The New Yorker, in its year-end issue, ran a thoughtful and sobering essay by Caleb Crain, “Twilight of the Books.” I have been arguing that the circulation problem with publications is not just the Internet, it’s a combination of social changes. When the news is not catastrophic, when survival is seldom on our minds, people are not compelled to read newspapers. When one’s social sphere is more interesting than events in Pakistan, then you get MySpace and FaceBook, instead of Time.

I’ve been hoping that if the printed media provided richer narratives, their fortunes might improve. People love stories, and writing and reading is a direct and economical way to exchange them. But now Crain comes along with evidence that MacLuhan’s Post-Literacy is upon us. People are reading less, and are less able to read. YouTube is a leading indication of narratives moving toward the visual, and Crain argues that the non-literates actually think differently than literate ones. (This may be different with post-literates than it is with pre-litereates. We just don’t know yet.) If you extend his line of thinking, video voicemail will replace e-mail, and audio or video blogs will replace the text kind.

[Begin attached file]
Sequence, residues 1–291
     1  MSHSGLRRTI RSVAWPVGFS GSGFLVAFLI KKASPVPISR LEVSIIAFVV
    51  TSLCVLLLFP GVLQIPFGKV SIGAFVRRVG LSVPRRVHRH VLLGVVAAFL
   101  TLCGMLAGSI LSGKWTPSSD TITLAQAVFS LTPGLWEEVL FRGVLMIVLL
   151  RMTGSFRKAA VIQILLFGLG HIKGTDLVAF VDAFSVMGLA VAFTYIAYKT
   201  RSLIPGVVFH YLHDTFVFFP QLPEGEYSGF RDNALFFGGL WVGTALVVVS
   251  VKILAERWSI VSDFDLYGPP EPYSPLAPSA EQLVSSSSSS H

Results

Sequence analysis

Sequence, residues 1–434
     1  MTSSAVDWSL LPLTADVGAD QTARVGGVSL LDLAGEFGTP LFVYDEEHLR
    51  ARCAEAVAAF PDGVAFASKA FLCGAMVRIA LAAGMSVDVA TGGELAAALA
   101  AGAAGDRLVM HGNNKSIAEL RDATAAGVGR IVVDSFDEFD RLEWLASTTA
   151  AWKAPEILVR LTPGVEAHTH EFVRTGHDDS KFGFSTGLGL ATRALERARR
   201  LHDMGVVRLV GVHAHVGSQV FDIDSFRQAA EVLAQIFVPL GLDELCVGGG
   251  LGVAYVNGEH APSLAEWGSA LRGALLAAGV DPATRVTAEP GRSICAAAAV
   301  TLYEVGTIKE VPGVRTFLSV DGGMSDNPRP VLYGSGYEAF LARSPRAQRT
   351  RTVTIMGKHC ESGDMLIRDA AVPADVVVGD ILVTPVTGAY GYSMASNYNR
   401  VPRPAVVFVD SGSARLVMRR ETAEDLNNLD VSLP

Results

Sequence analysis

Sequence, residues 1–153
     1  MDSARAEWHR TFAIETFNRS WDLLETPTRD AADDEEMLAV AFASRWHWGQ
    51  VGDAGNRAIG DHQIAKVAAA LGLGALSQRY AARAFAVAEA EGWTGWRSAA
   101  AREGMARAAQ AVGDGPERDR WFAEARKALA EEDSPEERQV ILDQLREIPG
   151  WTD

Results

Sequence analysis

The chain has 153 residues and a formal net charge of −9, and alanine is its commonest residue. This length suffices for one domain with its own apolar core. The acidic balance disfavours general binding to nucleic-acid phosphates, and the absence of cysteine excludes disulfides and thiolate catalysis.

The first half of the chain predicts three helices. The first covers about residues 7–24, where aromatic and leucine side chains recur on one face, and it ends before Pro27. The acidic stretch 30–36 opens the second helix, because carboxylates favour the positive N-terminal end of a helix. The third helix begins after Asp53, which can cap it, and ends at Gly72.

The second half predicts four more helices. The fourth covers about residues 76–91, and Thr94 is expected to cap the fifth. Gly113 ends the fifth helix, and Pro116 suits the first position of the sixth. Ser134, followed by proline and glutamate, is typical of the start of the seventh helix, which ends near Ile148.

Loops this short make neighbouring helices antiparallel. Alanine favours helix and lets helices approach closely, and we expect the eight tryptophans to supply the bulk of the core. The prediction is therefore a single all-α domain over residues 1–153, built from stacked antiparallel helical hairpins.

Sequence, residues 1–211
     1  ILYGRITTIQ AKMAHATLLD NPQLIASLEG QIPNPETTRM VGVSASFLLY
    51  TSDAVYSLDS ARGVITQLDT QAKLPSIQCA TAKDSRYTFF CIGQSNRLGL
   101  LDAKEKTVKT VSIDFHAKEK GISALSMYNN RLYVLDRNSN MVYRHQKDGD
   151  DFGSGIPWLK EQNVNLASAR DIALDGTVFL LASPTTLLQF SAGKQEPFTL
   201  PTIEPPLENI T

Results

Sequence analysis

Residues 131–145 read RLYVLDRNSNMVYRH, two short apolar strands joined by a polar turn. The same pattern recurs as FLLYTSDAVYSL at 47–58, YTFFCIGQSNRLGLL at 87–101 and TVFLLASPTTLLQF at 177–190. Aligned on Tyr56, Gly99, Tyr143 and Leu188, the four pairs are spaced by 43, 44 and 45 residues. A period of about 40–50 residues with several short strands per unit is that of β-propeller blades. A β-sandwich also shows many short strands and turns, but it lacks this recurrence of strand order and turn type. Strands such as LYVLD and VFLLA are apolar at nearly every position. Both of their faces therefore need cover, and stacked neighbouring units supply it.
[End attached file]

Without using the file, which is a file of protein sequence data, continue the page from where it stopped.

Crain suggests that those of us who love reading will end up being a kind of antique crafts group, or a bridge club, with none of the social caché that literacy gave readers in the Middle Ages. This unwelcome marginalization of reading, even if those of us in the margin were considered to be an elite, is much more frightening than the decline in the market cap of media companies. Indeed, if the kind of intelligent discourse required in a democracy were relegated to an “elite,” we would be in big trouble as a society. Worse, if enough people think “the news just comes to” them and that their opinion and their vote have no consequence, our whole political system could be taken over by a despot.